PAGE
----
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What makes letting go so hard

November 17, 2023

I love heels. They’re so elegant, so sophisticated, so…impractical, at least for my life, (heels down an allotment?!) which is why I rarely wear them.

It’s all about the shoes
Woman standing on cobblestones, rubbing her calf after removing one of her high heeled pink shoes.

Outfit choice starts with comfort and that’s determined by what’s on my feet. Can I dance all night in them? Will they keep me dry? Could I run in them if I had to? 

As a teenager, I once sprinted across the cobbled market place of my home town in a classic pair of 80s stilettos to catch the last bus home. Like Cinderella fleeing the ball, but I don’t remember Cinderella hobbling with bruised insteps for the next two days!

My favourite footwear nowadays? Indoors, it’s a funky pair of ultra flat Converse; outdoors, walking anywhere, I lace up my practical, mega-soled walking boots. 

But that doesn’t mean I don’t own heels. Oh no. I have plenty closeted in my wardrobe, including hand dyed satin wedding shoes, used for just 8 hours one special day 22 years ago.  All these pairs, unworn for another season, yet loved, and still there because it’s really hard to let them go.

Actually, it’s not about the shoes

The difficulty letting go isn’t really about the shoes. It’s about letting go of something far deeper: the person who in dreamy moments I might have been, or a little bit of me would still like to be. A nostalgic hankering after a time or style that isn’t mine, never has been and never will be (they’re all very ’40s, a hark back to mend and make do, ‘proper’ dancing to big bands, all pulling together with a Blitz spirit.)

That’s the thing with letting go. It’s rarely down to the presenting issue. 

The real release button is often tangled up in things like emotional attachment, or nostalgia, personal identity, guilt or obligation, perceived control, low self-esteem, peer pressure, a lack of alternatives, substantial prior investment, or fear of the unknown. What a daunting list! No wonder it takes time and effort to find and loosen the knots keeping you stuck.

Five stages of letting go

I see five stages of letting go:

  1. understanding what’s going on;
  2. reaching a place of acceptance, forgiveness or closure;
  3. visualising an alternative future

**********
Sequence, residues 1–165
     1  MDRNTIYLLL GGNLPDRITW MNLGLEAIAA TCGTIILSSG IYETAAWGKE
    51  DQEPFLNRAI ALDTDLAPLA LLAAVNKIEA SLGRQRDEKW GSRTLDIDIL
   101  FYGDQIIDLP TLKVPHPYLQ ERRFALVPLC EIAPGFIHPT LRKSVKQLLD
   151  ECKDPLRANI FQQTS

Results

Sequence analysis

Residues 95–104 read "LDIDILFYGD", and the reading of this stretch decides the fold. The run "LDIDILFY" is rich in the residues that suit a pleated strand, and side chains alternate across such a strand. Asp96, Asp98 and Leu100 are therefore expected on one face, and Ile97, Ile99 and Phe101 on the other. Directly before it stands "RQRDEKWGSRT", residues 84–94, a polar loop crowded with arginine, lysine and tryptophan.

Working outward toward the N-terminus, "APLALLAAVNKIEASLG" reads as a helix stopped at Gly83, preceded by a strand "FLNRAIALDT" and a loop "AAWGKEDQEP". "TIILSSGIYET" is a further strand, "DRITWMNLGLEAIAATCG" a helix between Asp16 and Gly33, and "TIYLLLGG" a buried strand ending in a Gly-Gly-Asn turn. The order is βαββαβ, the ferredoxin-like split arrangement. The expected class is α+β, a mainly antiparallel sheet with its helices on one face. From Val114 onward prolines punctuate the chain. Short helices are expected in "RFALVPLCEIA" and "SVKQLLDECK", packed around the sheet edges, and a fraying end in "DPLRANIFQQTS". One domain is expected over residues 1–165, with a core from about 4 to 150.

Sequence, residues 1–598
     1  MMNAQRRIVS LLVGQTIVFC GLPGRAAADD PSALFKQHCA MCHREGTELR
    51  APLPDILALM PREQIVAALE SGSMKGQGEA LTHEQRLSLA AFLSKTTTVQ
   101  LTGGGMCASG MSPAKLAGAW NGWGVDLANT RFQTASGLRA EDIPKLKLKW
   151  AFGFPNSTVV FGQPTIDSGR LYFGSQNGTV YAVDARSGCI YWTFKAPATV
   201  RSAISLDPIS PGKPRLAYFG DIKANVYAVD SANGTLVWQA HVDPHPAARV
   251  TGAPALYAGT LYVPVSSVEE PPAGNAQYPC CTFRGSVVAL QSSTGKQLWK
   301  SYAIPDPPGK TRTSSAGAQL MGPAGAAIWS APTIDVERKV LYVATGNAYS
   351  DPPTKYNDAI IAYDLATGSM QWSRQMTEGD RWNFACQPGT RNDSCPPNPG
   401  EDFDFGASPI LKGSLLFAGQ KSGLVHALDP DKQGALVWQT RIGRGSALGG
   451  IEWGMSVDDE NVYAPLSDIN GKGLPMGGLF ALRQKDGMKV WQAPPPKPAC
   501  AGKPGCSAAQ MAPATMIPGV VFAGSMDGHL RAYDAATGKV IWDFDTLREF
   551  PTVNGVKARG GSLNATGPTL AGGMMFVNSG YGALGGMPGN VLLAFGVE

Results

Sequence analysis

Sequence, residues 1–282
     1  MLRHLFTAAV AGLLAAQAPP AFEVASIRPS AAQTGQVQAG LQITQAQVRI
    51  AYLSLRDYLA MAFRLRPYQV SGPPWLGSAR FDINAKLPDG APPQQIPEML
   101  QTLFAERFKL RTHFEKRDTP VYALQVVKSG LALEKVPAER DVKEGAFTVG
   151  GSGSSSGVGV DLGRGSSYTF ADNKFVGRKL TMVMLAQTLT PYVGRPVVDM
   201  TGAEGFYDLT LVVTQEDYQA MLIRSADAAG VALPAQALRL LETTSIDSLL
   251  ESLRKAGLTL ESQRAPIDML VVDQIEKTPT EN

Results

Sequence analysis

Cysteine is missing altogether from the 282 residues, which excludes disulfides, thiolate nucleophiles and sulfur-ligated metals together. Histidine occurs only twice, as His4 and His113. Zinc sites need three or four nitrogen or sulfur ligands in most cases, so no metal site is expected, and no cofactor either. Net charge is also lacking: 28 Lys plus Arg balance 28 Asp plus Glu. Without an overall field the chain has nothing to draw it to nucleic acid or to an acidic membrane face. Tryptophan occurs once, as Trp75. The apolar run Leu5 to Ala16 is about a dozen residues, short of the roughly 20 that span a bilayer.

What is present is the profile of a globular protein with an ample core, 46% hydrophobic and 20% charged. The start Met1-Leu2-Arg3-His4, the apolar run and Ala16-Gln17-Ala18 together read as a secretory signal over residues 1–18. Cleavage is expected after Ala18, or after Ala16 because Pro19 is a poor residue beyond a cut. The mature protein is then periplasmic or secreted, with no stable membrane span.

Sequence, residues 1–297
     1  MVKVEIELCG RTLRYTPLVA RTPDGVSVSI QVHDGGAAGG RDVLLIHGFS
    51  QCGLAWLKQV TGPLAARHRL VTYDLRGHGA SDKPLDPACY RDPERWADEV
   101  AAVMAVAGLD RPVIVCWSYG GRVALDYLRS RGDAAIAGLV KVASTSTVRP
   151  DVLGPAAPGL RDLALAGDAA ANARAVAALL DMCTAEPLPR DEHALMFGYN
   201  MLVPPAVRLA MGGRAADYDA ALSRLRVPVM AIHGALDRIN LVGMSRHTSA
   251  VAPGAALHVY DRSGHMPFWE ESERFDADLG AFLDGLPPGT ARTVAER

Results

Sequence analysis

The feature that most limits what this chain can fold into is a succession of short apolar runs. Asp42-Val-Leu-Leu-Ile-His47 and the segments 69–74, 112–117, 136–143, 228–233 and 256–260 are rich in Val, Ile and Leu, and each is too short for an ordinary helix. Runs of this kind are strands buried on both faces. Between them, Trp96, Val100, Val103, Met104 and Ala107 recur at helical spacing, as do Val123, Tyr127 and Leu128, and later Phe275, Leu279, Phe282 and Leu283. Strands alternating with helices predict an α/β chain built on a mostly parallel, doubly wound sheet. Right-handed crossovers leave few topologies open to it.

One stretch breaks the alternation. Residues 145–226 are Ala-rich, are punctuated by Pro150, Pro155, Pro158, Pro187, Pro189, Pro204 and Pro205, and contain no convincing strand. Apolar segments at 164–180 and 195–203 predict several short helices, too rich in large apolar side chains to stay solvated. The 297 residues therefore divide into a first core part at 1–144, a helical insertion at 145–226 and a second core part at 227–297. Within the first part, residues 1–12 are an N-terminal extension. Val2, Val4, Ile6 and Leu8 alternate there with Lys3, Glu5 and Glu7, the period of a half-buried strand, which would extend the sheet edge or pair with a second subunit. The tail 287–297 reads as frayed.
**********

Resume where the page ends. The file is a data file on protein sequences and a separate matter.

4. which is attractive enough to compel you to take action;
  5. and the oft forgotten celebration when you achieve the change.

You can work through this on your own, for example, understanding can come through journaling, but sometimes it’s helpful to voice things out loud. 

That’s where a coach can help. I guide you through each stage to see your situation from different angles (starting the process of detachment), look for gifts and opportunities in a change, and encourage and celebrate the steps you take, all with the aim of making letting go an easier process for you in future.

Some examples of letting go

Examples of things my clients have recently let go of include toxic relationships, limiting beliefs about a lack of local work opportunities, responsibility for everything and everybody, and self-recrimination for ‘bad’ career decisions.

Retiree Claire was struggling to leave behind her full-on life running a successful business, and the identity that gave her. She says:

“I was finding it very difficult, uncomfortable feelings and adjustment and the shock of it all!! Celia helped by being there as I offloaded and explored, she introduced me to saboteur work which was helpful and really helped me to not feel alone in this strange place of adjustment.

A new me emerged and a different way of living with less focus on the doing, I was able to slow down and let the days unfold, realised there was no need to replace my working self and I found more connection to the being me.”

Autumn: the season for letting go

In Five Elements Acupuncture, each season represents a phase in the cycle of creation. Autumn is associated with clearing and letting go of the past. Trees shed their leaves; it’s a time of release so we can take a winter of rest (real or metaphorical) and welcome new opportunities into the space we’ve created. 

So I’ve put my heels (well, most of them…) in the charity bag. It’s Christmas in comfort from now on. 

I can already feel myself breathing more easily with the acceptance of who I am, and the knowledge that I’m being authentically me every time I reach for my boots. 

What do you need to let go of that would help you breathe more easily, or be more authentically you? Get in touch if you would like help exploring this.

About me

I’m Celia Clark. I’m a career development coach based in the dreaming spires of Oxford. I help you think clearly about your job, in all its ups and downs, so you can be happy and successful in your work.

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